What is a Conciliation Conference or Mediation?

A Conciliation Conference is an opportunity for you and your former partner to negotiate an agreement, usually focusing on finances. If the Court orders a conference, you and your former partner must attend. You must also exchange all relevant documents (such as tax returns and superannuation statements) with your former partner in advance.

If the conference or mediation is Ordered and facilitated by the Court, you will be appointed a Registrar or mediator and will have the opportunity to discuss financial matters over a short period (half a day) only.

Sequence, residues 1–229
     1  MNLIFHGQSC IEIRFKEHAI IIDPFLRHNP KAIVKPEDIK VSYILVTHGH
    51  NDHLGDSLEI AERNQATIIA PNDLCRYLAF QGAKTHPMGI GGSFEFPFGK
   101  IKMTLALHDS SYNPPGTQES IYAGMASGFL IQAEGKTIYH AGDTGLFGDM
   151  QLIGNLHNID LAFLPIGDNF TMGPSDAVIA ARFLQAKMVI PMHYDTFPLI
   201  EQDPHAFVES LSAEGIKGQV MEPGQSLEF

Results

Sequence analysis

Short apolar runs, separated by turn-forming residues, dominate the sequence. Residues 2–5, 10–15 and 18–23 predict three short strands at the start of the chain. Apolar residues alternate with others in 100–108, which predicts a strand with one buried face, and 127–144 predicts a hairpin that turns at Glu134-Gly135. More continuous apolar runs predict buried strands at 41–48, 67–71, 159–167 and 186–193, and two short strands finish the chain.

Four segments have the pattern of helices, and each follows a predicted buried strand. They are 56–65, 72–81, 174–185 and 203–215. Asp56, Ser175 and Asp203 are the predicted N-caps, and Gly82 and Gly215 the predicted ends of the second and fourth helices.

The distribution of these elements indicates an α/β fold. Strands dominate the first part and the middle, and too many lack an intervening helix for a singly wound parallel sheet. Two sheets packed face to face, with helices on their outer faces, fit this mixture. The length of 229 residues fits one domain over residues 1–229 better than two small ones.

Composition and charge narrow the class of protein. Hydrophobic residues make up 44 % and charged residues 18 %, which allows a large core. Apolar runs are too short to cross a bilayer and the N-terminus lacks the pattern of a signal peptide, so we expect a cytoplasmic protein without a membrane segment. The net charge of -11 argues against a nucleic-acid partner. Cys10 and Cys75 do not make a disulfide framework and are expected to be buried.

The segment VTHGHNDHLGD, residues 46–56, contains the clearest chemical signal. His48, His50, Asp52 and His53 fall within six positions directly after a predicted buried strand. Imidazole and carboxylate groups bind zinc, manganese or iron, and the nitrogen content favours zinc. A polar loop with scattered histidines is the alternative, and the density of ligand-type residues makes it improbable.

If you and your former partner agree to participate in a mediation that is not ordered or facilitated by the Court, you may choose your mediator and may discuss both parenting and property matters over a longer period (full day if you wish).

This is general information only. We are here to advise you on your specific circumstances; please get in touch to set up an initial consultation.

© 2023 Bryant McKinnon Lawyers